Opinion – Wall Street Journal
A Doctor’s Declaration of Independence
It’s time to defy health-care mandates issued by bureaucrats not in the healing profession.
By Daniel F. Craviotto Jr.
April 28, 2014
In my 23 years as a practicing physician, I’ve learned that the only thing that matters is the doctor-patient relationship. How we interact and treat our patients is the practice of medicine. I acknowledge that there is a problem with the rising cost of health care, but there is also a problem when the individual physician in the trenches does not have a voice in the debate and is being told what to do and how to do it.
As a group, the nearly 880,000 licensed physicians in the U.S. are, for the most part, well-intentioned. We strive to do our best even while we sometimes contend with unrealistic expectations. The demands are great, and many of our families pay a huge price for our not being around. We do the things we do because it is right and our patients expect us to.
So when do we say damn the mandates and requirements from bureaucrats who are not in the healing profession? When do we stand up and say we are not going to take it any more?
The Centers for Medicare and Medicaid Services dictates that we must use an electronic health record (EHR) or be penalized with lower reimbursements in the future. There are “meaningful use” criteria whereby the Centers for Medicare and Medicaid Services tells us as physicians what we need to include in the electronic health record or we will not be subsidized the cost of converting to the electronic system and we will be penalized by lower reimbursements. Across the country, doctors waste precious time filling in unnecessary electronic-record fields just to satisfy a regulatory measure. I personally spend two hours a day dictating and documenting electronic health records just so I can be paid and not face a government audit. Is that the best use of time for a highly trained surgical specialist?
This is not a unique complaint. A study commissioned by the American Medical Association last year and conducted by the RAND Corp. found that “Poor EHR usability, time-consuming data entry, interference with face-to-face patient care, inefficient and less fulfilling work content, inability to exchange health information between EHR products, and degradation of clinical documentation were prominent sources of professional dissatisfaction.”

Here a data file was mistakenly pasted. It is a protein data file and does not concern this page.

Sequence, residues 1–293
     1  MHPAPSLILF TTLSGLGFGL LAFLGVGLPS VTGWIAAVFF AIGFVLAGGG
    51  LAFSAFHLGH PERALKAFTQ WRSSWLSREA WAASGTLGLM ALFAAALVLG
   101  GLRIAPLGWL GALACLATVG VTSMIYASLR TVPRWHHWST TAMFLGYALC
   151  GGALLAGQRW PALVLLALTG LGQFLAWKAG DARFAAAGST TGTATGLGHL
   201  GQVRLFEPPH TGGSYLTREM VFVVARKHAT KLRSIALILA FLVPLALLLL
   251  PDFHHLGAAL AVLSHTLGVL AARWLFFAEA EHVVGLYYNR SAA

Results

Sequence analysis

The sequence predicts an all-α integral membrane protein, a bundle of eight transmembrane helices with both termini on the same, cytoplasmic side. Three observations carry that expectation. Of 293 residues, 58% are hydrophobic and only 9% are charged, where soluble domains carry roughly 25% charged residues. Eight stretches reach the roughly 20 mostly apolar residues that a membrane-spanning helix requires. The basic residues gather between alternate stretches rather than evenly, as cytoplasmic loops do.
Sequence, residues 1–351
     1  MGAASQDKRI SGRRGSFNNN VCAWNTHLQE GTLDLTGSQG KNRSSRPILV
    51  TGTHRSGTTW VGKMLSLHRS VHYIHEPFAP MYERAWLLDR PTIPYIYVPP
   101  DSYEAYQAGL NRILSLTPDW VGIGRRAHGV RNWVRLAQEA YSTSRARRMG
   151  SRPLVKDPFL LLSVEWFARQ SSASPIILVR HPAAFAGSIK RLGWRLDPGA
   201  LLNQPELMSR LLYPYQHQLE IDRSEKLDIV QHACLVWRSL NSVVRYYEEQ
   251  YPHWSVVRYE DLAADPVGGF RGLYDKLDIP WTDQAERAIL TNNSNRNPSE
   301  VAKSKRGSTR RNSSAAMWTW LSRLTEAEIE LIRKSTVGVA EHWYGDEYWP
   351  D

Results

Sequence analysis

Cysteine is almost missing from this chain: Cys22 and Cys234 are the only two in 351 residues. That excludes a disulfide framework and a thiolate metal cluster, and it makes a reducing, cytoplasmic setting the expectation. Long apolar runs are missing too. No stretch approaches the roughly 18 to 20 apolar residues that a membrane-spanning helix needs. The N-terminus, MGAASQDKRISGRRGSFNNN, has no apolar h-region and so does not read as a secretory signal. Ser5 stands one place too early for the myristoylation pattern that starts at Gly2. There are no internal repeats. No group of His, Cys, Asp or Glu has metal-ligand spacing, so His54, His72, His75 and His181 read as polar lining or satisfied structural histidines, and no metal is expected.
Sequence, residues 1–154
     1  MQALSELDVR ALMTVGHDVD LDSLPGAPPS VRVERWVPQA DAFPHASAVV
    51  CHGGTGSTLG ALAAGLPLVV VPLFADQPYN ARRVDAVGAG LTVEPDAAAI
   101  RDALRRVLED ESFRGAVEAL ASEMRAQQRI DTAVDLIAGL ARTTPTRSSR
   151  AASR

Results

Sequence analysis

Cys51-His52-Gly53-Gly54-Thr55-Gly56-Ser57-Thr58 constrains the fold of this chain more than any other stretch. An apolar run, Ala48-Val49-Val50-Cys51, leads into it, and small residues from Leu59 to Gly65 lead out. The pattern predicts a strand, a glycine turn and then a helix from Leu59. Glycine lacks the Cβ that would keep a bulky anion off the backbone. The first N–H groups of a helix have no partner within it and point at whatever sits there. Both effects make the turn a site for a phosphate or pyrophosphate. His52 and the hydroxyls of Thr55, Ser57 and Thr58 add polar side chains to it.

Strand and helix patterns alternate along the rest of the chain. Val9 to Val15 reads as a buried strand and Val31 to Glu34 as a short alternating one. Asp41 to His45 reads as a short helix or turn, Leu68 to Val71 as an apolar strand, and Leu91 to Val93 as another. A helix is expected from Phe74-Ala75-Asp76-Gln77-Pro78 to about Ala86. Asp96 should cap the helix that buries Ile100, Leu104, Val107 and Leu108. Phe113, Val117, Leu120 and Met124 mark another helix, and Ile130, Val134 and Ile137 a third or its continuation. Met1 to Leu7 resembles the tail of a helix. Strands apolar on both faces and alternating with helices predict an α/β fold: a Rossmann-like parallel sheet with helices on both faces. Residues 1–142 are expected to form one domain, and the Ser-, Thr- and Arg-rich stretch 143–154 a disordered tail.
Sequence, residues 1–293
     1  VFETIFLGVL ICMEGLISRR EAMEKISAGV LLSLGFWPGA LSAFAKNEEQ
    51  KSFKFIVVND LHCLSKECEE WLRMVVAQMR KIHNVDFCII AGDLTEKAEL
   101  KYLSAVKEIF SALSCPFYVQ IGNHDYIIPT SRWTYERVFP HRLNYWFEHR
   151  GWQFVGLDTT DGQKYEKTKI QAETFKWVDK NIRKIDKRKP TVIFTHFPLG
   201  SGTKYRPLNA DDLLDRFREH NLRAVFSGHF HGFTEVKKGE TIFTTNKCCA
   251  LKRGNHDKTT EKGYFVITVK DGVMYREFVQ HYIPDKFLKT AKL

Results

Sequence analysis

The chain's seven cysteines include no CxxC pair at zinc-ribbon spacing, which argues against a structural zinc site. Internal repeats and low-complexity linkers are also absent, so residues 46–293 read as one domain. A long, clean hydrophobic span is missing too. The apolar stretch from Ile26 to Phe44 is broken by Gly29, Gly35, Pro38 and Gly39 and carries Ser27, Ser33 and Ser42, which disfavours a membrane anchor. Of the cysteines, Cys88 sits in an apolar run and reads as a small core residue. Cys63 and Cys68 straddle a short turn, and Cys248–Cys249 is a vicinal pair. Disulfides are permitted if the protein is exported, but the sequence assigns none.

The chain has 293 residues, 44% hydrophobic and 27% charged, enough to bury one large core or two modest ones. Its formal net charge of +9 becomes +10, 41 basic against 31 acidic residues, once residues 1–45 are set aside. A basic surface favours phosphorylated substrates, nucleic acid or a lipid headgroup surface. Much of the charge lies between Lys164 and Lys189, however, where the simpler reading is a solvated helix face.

In addition to the burden of mandated electronic-record entry, doctors also face board recertification in the various medical specialties that has become time-consuming, expensive, imposing and a convenient method for our specialty societies and boards to make money.
Meanwhile, our Medicare and Medicaid reimbursements have significantly declined, let alone kept up with inflation. In orthopedic surgery, for example, Medicare reimbursement for a total knee replacement decreased by about 68% between 1992 and 2010, based on the value of 1992 dollars. How can this be? Don’t doctors have control over what they charge for their services? For the most part, no. Our medical documentation is pored over and insurers and government then determine the appropriate level of reimbursement.
I don’t know about other physicians but I am tired—tired of the mandates, tired of outside interference, tired of anything that unnecessarily interferes with the way I practice medicine. No other profession would put up with this kind of scrutiny and coercion from outside forces. The legal profession would not. The labor unions would not. We as physicians continue to plod along and take care of our patients while those on the outside continue to intrude and interfere with the practice of medicine.
We could change the paradigm. We could as a group elect not to take any insurance, not to accept Medicare—many doctors are already taking these steps—and not to roll over time and time again. We have let nearly everyone trespass on the practice of medicine. Are we better for it? Has it improved quality? Do we have more of a voice at the table or less? Are we as physicians happier or more disgruntled then two years ago? Five years ago? Ten years ago?
At 58, I’ll likely be retired in 10 years along with most physicians of my generation. Once we’re gone, who will speak up for our profession and the individual physician in the trenches? The politicians? Our medical societies? Our hospital administrators? I think not. Now is the time for physicians to say enough is enough.
Dr. Craviotto is an orthopedic surgeon in Santa Barbara, Calif., and a fellow of the American Academy of Orthopedic Surgeons.